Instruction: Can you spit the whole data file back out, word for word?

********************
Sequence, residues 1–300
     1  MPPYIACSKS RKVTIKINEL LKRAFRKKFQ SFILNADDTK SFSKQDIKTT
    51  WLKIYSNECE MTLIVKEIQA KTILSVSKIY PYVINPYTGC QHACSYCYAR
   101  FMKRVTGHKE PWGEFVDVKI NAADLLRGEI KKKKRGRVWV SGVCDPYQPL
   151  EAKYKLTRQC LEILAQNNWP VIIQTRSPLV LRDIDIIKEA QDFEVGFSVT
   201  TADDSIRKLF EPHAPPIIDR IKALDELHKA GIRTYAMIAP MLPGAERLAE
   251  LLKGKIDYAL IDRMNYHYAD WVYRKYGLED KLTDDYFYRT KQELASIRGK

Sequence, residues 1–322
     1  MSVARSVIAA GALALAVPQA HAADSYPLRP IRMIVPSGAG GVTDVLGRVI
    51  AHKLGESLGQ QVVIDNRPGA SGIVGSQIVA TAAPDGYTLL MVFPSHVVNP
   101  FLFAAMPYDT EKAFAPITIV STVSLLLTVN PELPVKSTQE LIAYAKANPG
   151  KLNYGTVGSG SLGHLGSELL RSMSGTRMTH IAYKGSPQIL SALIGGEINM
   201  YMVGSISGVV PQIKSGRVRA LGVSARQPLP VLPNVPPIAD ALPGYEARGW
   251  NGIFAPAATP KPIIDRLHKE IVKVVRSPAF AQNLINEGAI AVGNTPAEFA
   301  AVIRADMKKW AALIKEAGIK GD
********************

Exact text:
Sequence, residues 1–300
     1  MPPYIACSKS RKVTIKINEL LKRAFRKKFQ SFILNADDTK SFSKQDIKTT
    51  WLKIYSNECE MTLIVKEIQA KTILSVSKIY PYVINPYTGC QHACSYCYAR
   101  FMKRVTGHKE PWGEFVDVKI NAADLLRGEI KKKKRGRVWV SGVCDPYQPL
   151  EAKYKLTRQC LEILAQNNWP VIIQTRSPLV LRDIDIIKEA QDFEVGFSVT
   201  TADDSIRKLF EPHAPPIIDR IKALDELHKA GIRTYAMIAP MLPGAERLAE
   251  LLKGKIDYAL IDRMNYHYAD WVYRKYGLED KLTDDYFYRT KQELASIRGK

Sequence, residues 1–322
     1  MSVARSVIAA GALALAVPQA HAADSYPLRP IRMIVPSGAG GVTDVLGRVI
    51  AHKLGESLGQ QVVIDNRPGA SGIVGSQIVA TAAPDGYTLL MVFPSHVVNP
   101  FLFAAMPYDT EKAFAPITIV STVSLLLTVN PELPVKSTQE LIAYAKANPG
   151  KLNYGTVGSG SLGHLGSELL RSMSGTRMTH IAYKGSPQIL SALIGGEINM
   201  YMVGSISGVV PQIKSGRVRA LGVSARQPLP VLPNVPPIAD ALPGYEARGW
   251  NGIFAPAATP KPIIDRLHKE IVKVVRSPAF AQNLINEGAI AVGNTPAEFA
   301  AVIRADMKKW AALIKEAGIK GD